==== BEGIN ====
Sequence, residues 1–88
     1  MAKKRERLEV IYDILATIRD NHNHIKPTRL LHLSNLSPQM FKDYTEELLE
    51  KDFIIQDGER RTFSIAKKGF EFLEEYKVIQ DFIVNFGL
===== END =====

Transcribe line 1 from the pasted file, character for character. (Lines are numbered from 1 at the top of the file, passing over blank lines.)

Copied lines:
Sequence, residues 1–88